At some point in the 20th Century, the relationship of Adam and Eve came to be viewed more popularly by certain Western, conservative Christians and Jews as a model for all people in a new way. In Genesis 2, God creates the minimum number and configuration of humans needed to procreate, and this fact was taken to mean that any other number or configuration within sexual relationships was against God’s plan. “It’s Adam and Eve,” we were told, “not Adam and Steve.” Presumably Hannah and Eve were left to their own devices. Granted, according to some traditional readings sexuality only entered Adam and Eve’s relationship after they ate from the tree of the knowledge of Good and Bad, realized they were naked, and God cursed them to make babies together (Gen 3:16-17). In more monastic circles, this is taken as evidence that sexuality itself is bad and we must return to a prelapsarian, asexual state (hence all those celibate monks). Nonetheless, the fine points of when exactly God planned to have Adam and Eve get it on were left behind to focus on what mattered (or what was rhetorically useful): we can allow only one man and one woman in sexual congress, all evidence of polygamy in the Hebrew Bible/Old Testament to the contrary. Adam and Eve, the first man and woman, became the model for all sexual unions. Specifically, had God wanted Adam to have a boyfriend, God would have created one for him. Or so the logic goes.
But there is another even more common relationship that Adam did not participate in: Adam never had a brother. By the above logic, this implies that God never wanted men to have brothers. Adam certainly did not need a brother in order to engage in his “marriage” to Eve (although having one might have added some much-needed diversity to his descendants’ gene pool). Furthermore, unlike that one man/one woman nonsense, the evidence that God disapproves of brothers actually continues throughout the Bible.
Consider the very first brothers: Cain kills Abel. The good replacement kid (but unfortunately still a brother), Seth, has to have children with his sisters (or his mother, but let’s hope that’s not the case). No, that plural “sisters” is not a typo. Merely taken literally, multiple cases of polygamous incest are virtually required by the situation that God puts Adam and Eve in when God creates only two people. If Adam and Eve are the model, this is the path they take us down.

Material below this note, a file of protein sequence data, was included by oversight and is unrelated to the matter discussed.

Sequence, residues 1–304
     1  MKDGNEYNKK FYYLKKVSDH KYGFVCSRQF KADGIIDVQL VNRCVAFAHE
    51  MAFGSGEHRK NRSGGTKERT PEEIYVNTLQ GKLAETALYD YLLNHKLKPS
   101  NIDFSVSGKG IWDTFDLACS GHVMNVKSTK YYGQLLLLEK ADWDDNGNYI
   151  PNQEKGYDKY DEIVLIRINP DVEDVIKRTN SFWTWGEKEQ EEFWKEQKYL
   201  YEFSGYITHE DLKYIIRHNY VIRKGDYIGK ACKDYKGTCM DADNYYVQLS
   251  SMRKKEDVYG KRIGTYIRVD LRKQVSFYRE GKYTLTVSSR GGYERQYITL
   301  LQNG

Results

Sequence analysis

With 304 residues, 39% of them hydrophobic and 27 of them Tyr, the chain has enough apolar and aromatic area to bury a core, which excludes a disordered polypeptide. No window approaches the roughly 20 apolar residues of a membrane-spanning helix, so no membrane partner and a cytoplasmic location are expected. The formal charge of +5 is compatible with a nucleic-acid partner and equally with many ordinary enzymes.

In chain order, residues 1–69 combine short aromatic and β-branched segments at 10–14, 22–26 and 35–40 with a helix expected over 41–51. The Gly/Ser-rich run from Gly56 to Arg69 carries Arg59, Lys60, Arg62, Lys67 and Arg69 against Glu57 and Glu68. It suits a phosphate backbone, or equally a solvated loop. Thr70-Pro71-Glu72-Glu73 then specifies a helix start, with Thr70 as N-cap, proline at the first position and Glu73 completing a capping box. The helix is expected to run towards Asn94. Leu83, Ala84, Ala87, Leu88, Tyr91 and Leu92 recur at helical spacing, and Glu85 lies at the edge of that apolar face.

Noah has three sons who join their father in the ark. All of the descendants of the evil brother Cain will die in the flood, so this is a chance for the world to get a fresh start. But we know something bad is coming as soon as Noah allows brothers on the boat! When the brother-begetting Noah gets drunk, Ham looks at his father’s nakedness (Gen 9:22). It isn’t clear whether “his nakedness” means Ham is having a go at his father or his mother, but whatever the case, it’s incestuous and it gets all of his descendants cursed like Cain’s. Shem, the oldest son, is the ancestor of the Israelites, God’s people (hence the term S(h)emites). Had Noah just stopped with one male offspring, you know, as God intended, Ham would not have been there to do anything with his father’s “nakedness.” Shem would start repopulating, producing a world full of righteous (if a bit inbred) people. People, that is, untempted into idolatry and God knows what else by the Canaanites who are descended from Ham, Shem’s sexually aggressive brother.